For flowers, she says Enterprise Flower Shop is known for its tight, elegant bouquets, while Wendy Stewart at Bee Charmed gift shop next door is known for her looser arrangements. Eastern Oregon Rentals in La Grande has all the tables, chairs, and tents you could possibly need. But if you’re looking for a DJ, you might have to bring your own.

“We don’t have any local DJs,” says Brink. “Sometimes a couple will bring a DJ from their town and will compensate for the lodging. Or a lot of times they make their own playlist.”


In addition to her own venue, Brink has helped plan weddings all over the area, from old historic barns and quaint lodges to a big event space called the Thunder Room on the rodeo grounds. “It’s a Quonset hut, but we decorated it super fancy.”


Since most ceremonies take place outside against the stunning backdrop of mountains, canyons, lakes, and fields, both she and Gibans warn that Joseph’s alpine climate can be unpredictable, even in the summer.


“Most weddings here happen from June to September, and in any of those months you can have gorgeous days that are really warm and pleasant and some that really aren’t,” says Gibans. “If it’s an indoor/outdoor wedding, you want to make sure you can accommodate everyone indoors if you have to.”


Brink says she recommends renting propane heaters for those early June weddings, and when renting tents, be sure they have the option of dropped walls. “We can get summer storms, and if the wind and rains start, you have that protection.”


Another important consideration: lodging. There aren’t any big hotels, so guests are often spread out in smaller inns, B&Bs, and vacation rentals. And keep in mind the town’s population swells considerably each summer.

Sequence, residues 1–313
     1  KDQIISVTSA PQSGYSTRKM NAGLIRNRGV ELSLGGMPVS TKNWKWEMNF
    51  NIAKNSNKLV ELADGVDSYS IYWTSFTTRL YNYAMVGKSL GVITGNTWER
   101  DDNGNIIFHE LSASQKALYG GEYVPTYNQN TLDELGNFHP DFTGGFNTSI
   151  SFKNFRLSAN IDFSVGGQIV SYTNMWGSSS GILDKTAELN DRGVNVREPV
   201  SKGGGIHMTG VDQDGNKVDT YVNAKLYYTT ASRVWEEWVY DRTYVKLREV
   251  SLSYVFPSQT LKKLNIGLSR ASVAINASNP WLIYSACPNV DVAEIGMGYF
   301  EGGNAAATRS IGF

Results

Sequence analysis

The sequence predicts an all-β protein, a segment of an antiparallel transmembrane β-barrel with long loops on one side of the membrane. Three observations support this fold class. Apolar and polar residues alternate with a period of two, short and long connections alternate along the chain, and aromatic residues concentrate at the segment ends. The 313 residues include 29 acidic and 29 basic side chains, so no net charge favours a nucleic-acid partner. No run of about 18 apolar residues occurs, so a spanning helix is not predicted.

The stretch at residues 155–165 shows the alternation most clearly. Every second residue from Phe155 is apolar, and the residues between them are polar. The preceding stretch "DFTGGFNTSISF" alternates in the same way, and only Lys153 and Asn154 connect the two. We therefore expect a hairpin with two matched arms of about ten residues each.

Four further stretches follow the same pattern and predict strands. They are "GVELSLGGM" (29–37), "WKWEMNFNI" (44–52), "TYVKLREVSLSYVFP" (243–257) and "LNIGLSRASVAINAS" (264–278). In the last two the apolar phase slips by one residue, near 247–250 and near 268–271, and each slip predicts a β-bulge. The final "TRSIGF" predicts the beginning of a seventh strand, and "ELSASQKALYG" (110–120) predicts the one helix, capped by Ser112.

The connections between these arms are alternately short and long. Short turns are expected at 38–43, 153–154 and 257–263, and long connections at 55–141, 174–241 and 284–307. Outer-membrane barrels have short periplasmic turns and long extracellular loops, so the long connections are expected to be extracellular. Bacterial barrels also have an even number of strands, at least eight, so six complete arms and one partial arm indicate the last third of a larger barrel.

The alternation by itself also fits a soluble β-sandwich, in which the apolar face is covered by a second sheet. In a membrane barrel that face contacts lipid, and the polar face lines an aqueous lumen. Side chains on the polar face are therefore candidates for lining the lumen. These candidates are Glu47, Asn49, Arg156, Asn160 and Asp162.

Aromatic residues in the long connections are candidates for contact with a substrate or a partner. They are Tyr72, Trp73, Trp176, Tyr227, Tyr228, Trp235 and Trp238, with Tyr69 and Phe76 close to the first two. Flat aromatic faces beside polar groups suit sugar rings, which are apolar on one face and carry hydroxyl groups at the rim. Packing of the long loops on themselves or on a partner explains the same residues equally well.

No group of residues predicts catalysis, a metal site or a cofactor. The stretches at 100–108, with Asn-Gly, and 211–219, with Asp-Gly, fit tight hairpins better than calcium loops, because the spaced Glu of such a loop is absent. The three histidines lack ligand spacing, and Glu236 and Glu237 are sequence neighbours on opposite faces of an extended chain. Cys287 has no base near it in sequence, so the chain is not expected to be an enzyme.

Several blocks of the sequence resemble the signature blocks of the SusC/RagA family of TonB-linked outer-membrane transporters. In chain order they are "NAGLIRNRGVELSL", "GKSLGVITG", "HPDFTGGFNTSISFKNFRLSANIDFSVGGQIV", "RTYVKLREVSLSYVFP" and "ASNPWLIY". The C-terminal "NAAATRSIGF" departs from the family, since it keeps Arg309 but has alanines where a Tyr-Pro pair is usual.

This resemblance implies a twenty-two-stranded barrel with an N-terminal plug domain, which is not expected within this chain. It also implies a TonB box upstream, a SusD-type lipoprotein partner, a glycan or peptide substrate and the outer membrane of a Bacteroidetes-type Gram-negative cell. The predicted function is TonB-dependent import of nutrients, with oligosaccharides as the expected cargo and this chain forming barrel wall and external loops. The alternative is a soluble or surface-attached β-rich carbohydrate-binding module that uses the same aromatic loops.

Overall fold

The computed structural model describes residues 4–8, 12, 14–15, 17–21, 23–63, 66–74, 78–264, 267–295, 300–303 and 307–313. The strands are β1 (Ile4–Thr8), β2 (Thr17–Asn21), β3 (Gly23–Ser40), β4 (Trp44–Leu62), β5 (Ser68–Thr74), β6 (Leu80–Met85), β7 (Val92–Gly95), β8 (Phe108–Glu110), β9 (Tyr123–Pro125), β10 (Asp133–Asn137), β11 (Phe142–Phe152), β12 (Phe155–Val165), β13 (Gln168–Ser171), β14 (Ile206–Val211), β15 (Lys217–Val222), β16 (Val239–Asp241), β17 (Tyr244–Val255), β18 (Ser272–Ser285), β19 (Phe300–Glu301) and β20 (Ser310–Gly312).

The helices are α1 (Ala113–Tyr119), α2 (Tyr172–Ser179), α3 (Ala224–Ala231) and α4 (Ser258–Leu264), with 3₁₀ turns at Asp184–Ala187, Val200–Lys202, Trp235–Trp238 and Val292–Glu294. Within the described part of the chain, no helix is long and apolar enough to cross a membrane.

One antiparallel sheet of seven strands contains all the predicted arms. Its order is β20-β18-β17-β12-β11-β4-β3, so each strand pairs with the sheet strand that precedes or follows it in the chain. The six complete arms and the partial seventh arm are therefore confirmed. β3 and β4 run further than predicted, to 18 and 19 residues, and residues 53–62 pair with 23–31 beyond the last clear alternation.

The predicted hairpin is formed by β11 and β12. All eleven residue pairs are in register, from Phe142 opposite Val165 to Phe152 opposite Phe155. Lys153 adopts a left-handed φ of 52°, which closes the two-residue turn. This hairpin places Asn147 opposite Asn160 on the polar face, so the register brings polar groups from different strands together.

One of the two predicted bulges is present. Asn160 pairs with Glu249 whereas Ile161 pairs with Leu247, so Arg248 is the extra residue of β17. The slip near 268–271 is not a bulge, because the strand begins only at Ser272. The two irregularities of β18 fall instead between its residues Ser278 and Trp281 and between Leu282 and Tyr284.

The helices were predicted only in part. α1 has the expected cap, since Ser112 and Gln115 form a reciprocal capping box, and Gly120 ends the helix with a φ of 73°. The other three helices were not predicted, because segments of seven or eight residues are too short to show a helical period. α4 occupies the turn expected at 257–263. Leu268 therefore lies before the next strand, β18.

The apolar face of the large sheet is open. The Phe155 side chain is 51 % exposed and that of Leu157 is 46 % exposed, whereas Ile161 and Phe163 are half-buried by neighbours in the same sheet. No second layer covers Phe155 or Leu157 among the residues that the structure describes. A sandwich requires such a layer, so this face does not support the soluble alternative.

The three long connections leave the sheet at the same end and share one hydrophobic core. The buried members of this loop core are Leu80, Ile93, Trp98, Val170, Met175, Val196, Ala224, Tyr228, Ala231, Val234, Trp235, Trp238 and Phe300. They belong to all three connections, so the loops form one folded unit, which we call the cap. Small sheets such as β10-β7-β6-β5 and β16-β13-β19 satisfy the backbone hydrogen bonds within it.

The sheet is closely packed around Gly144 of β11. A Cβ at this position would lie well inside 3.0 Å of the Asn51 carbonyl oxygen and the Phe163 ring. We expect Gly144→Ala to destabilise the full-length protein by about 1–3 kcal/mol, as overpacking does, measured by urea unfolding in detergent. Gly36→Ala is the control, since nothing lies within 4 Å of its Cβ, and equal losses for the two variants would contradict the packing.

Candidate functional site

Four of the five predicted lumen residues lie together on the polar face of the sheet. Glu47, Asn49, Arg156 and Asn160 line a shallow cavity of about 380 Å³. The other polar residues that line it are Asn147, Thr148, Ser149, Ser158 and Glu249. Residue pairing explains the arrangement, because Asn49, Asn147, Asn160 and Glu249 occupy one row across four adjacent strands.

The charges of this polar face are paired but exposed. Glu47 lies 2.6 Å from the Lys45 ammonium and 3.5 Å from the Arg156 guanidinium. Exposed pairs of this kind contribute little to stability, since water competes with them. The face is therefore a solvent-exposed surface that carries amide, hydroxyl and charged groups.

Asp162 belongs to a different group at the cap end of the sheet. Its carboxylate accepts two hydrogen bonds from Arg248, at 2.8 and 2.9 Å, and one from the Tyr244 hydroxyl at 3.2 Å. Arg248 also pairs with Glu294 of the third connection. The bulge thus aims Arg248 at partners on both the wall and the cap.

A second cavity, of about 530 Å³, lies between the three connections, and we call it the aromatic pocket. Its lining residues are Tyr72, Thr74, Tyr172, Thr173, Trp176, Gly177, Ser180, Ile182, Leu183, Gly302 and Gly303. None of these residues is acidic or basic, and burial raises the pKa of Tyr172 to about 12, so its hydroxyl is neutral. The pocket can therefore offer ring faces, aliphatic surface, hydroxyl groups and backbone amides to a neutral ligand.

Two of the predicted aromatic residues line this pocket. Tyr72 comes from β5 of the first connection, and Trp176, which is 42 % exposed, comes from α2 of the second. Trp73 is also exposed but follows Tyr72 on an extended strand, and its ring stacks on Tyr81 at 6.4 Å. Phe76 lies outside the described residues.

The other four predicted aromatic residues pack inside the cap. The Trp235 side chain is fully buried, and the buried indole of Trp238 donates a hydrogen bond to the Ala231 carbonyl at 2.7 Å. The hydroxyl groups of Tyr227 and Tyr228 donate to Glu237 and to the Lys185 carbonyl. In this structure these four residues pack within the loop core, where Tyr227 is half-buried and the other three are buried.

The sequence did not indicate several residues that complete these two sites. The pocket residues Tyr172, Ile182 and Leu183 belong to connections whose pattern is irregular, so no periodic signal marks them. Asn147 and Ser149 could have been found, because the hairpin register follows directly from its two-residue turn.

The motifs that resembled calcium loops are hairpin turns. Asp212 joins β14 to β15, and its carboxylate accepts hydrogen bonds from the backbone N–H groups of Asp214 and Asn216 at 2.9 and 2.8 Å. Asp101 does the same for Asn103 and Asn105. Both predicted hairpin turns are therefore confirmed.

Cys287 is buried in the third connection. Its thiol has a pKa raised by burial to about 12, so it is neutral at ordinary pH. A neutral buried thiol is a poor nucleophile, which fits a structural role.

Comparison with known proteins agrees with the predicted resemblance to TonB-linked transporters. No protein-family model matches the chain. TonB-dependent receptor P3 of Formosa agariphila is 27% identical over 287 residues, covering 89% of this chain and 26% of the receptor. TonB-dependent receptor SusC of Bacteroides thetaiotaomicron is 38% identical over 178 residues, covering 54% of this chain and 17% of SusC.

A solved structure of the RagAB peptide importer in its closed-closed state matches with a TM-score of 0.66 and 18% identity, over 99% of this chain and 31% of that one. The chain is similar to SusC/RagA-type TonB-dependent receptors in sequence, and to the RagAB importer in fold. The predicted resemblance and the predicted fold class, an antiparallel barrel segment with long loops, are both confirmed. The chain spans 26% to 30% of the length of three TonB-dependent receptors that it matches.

That’s because no matter what your age or ability, there’s always something fun to do. “You can rent SUPs and kayaks and pedal boats at the marina on Wallowa Lake,” says Gibans. “There’s also the Rail Riders, where you can tandem bike on the railroad tracks, which is a pretty neat experience for kids. And there are so many trails to hike, you can go for an hour or go all day.”


Less action-packed activities include art walks, exhibits, and classes, a museum brimming with Native American and pioneer history, rides on the impressively steep Wallowa Tramway, and of course shopping and eating. “Terminal Gravity Brewing on a summer evening is a great place to gather,” says Gibans. The town is also a great jumping-off point for day trips through some of Oregon’s most beautiful areas and scenic overlooks, including historic Imnaha and the Zumwalt Prairie Preserve.


“Even though it gets busy in the summer, there’s still that feeling of being off the grid,” says Brink. “Being surrounded by the mountains and trees and water provides an enveloping feeling of intimacy.” Basically making it the perfect locale for connecting with the one(s) you love. “It’s perfect for reconnecting with friends and family.”